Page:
If you had or have a Paypal account that was active between 2006 and 2015 (and who hasn’t?) you may be entitled to money from Paypal under the settlement of a class action lawsuit against Paypal. The lawsuit against Paypal, Moises Zepeda v. PayPal Inc. (case number 4:10-cv-02500-SBA, the full Zepeda v. Paypal complaint is below), was filed back in 2010, and is finally settled.
In a mass email that went out today from Paypal, Paypal explains that “A settlement has been reached in a class action in which the plaintiffs allege, among other things, that PayPal improperly handled disputed transactions on PayPal accounts and improperly placed holds and reserves on accounts or closed or suspended accounts.”
Paypal, of course, disputes this.
However, dispute it or not, there has been a settlement reached – in fact a $3.2 million dollar settlement with the Zepeda class for basic claims, and Paypal has earmarked another $800,000 for alternate claims (more on that below) for a total of $4million.
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This week’s notice from Paypal goes on to explain:
You are a member of the Settlement Class if you had an active PayPal account between April 19, 2006 and November 5, 2015. Certain Settlement Class Members who had a hold or reserve placed on their account and/or who had their account closed or suspended by PayPal are eligible to receive a monetary payment upon submission of a valid claim form.
This action arises from the fact that PayPal closes its users accounts without reason to believe that the users engaged in any activity prohibited by PayPal, uniformly holds fund in the users’ accounts for 180 days without regard to whether the hold is reasonably needed to prevent liability, and fails to refund interest earned while the users are denied access to their accounts.
So who is Moises Zepeda, and why did he sue Paypal on behalf of the represented class, in a class action lawsuit?
Moises Zepeda sold gift cards on eBay. According to the Zepeda v. Paypal complaint (see below for the full complaint), Moises Zepeda (who is the ‘Plaintiff’) opened a Paypal account to process the payments he received on eBay. (Remember that in 2002 eBay acquired Paypal, and owned and controlled them until 2015.)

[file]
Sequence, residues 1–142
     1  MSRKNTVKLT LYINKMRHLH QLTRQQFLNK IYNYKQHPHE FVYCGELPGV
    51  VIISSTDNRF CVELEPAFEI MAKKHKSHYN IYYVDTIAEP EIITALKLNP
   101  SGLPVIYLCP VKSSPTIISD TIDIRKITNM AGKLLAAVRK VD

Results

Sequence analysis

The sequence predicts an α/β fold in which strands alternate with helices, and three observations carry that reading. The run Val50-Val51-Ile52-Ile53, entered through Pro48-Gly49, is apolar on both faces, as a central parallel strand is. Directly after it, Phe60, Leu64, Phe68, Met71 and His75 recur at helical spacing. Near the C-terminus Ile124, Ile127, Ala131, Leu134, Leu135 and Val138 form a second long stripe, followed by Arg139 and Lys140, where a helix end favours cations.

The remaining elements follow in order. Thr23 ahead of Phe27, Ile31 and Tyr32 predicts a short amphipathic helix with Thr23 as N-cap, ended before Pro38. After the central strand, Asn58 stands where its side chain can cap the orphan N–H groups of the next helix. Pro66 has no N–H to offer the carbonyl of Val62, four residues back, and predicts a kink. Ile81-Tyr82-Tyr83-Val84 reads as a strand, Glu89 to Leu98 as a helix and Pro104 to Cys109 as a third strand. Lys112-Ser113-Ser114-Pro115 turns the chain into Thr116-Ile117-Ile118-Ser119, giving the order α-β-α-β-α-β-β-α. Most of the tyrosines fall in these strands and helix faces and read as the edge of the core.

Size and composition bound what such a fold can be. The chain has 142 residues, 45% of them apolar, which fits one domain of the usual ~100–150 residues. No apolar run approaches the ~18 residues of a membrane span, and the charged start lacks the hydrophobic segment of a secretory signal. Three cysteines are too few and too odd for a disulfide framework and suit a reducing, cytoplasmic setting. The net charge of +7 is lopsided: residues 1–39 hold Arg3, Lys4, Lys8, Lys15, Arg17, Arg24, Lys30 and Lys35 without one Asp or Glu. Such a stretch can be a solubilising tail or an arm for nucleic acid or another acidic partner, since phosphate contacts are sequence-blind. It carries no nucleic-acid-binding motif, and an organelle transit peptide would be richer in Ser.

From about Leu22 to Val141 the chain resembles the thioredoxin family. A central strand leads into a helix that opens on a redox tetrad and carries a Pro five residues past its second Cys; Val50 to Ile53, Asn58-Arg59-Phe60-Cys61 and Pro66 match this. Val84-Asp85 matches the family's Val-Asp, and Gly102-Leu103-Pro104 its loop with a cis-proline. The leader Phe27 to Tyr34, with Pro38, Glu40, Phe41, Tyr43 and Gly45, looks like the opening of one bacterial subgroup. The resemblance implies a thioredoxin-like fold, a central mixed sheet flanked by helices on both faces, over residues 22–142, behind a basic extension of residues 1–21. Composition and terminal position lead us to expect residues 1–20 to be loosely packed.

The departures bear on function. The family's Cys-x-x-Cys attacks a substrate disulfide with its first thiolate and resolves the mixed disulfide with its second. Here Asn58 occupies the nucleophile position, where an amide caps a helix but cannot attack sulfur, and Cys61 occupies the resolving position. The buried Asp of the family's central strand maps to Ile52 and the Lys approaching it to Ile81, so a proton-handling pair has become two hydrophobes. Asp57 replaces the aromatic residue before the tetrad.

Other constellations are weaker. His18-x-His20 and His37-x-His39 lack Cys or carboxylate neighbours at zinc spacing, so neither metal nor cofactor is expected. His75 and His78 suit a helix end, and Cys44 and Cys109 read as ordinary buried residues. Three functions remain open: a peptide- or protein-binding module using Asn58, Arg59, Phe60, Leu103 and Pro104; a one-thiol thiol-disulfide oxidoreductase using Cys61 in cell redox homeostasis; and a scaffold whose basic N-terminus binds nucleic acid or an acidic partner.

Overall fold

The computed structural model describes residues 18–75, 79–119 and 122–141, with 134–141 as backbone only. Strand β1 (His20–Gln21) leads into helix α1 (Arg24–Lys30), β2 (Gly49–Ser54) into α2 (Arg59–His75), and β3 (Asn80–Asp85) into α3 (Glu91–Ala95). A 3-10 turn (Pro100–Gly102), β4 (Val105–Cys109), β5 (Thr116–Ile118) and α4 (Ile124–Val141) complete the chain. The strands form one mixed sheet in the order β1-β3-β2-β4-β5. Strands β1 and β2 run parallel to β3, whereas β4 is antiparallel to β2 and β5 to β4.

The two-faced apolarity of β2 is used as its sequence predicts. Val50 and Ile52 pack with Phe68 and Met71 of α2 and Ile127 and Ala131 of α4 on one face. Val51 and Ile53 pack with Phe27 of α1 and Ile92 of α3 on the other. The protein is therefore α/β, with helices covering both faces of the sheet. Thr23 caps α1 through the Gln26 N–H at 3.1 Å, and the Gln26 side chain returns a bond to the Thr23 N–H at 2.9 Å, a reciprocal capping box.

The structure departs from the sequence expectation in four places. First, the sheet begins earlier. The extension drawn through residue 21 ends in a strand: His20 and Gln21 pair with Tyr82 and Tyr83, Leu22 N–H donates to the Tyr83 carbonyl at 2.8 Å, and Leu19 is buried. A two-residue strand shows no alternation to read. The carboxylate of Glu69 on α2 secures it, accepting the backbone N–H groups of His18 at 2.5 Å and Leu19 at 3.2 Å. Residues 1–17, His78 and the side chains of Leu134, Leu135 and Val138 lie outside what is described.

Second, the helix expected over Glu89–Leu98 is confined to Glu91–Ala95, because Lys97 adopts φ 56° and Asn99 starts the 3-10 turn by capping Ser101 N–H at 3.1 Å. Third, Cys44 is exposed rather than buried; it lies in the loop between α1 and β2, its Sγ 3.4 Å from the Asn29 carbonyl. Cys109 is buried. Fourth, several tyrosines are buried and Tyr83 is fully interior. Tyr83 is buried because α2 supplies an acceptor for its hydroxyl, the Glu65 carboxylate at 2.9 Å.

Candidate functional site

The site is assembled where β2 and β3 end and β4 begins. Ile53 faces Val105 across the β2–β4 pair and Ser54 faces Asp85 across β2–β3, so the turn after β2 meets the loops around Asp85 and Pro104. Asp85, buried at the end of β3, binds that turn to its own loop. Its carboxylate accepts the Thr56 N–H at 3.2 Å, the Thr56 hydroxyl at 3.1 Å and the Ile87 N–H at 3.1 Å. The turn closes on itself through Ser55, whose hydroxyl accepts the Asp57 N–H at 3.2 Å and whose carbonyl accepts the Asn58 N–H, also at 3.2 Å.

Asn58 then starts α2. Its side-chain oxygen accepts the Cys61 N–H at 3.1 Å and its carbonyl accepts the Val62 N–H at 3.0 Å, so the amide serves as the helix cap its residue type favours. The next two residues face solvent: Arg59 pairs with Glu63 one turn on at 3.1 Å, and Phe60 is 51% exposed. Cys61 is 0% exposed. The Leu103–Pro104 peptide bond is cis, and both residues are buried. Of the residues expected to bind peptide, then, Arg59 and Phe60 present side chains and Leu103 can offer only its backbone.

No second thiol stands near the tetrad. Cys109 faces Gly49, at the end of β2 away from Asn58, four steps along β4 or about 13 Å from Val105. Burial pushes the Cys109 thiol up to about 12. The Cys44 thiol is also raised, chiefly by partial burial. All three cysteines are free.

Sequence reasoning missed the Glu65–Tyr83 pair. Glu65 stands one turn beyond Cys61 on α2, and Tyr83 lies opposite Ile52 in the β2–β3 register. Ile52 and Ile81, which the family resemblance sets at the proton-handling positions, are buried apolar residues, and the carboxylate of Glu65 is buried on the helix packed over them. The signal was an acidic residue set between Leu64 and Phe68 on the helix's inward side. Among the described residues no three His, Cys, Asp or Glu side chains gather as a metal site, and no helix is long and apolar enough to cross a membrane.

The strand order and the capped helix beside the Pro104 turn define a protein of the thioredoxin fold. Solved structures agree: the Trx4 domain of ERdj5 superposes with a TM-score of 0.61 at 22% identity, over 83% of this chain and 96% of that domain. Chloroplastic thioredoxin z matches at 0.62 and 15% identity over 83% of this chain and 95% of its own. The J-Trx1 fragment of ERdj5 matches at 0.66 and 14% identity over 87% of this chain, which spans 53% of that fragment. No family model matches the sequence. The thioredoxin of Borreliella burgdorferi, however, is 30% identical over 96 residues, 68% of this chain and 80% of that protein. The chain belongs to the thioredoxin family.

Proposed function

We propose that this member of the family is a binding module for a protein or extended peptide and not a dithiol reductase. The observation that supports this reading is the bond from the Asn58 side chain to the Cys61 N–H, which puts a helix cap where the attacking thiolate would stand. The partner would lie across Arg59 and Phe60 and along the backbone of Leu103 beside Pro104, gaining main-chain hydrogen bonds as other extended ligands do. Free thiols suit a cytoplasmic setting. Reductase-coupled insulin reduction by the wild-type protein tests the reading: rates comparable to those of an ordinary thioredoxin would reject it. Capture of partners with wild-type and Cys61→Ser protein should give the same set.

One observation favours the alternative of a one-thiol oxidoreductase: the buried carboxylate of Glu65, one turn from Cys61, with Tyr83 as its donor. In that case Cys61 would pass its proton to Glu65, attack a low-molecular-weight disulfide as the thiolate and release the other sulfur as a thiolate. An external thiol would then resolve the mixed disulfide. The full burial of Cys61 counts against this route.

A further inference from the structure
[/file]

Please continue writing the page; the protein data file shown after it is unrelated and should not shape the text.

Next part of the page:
Says the Complaint:
When opening the account, Plaintiff read and relied on statements made on PayPal’s website that PayPal offers quick and easy access to the payments processed by PayPal. While Plaintiff operated his business on eBay, he received no complaints and had 100% positive feedback from his customers.
In January 2010, Plaintiff logged onto his PayPal account and received notification that his account was limited. Plaintiff followed the instructions offered by PayPal on how to reinstate his account. This included faxing proof of ownership of the gift card he sold on eBay. Soon after Plaintiff faxed the information requested by PayPal, PayPal informed Plaintiff by email that his account was being closed.
PayPal stated that, “For the safety and security of the PayPal network, we often review accounts for potential risks. After reviewing your account, we have decided to close it because of security issues.”
PayPal then offered Plaintiff two “Disbursement options.” The first option was that he could issue refunds to any of his buyers. As Plaintiff had no complaints from any buyer, he owed no refunds.
The second option was: “Option 2. Money in your PayPal account will be held for 180 days. After 180 days, we’ll email you information on how to receive your funds.” Had Plaintiff known that PayPal would automatically hold the funds in his PayPal account for 180 if PayPal decided to close the account, he would not have used PayPal’s services.
This is of course not an unknown situation. Back in 2009 we wrote about how Paypal was witholding funds from eBay sellers (some of the more than 100 comments on that article are very eye-opening).
The bottom line, says the complaint, is that “This action arises from the fact that PayPal closes its users accounts without reason to believe that the users engaged in any activity prohibited by PayPal, uniformly holds fund in the users’ accounts for 180 days without regard to whether the hold is reasonably needed to prevent liability, and fails to refund interest earned while the users are denied access to their accounts.”
With the settling of this lawsuit, any Paypal user who has ever had a hold or reserve put on their account by Paypal, or who has had their account suspended or closed by Paypal, between April 19, 2006 and November 5, 2015, may be eligible for a (almost certainly small) piece of the Paypal settlement pie.
To submit your claim, go to the link below. It’s a fast, relatively easy process; you will need to provide your Paypal address, mailing address, and telephone number.
Then you will be given the option of submitting a ‘basic claim’, or an ‘alternate claim’ (for which Paypal has set aside that $800,000).
If you answered “Yes” to Question 1, do you wish to submit a Basic Claim, which, if valid, will result in a fixed payment based on the amount and length of the longest hold or reserve placed on your account or to submit an Alternate Claim based on the amount of documented damages, up to $2,000? You may select either a Basic Claim or an Alternate Claim, but not both.
Upon submission of your claim, you will be given (and emailed) a claim confirmation code.
Here’s the link to submit your claim:
You can read the Zepeda v. Paypal lawsuit complaint here:
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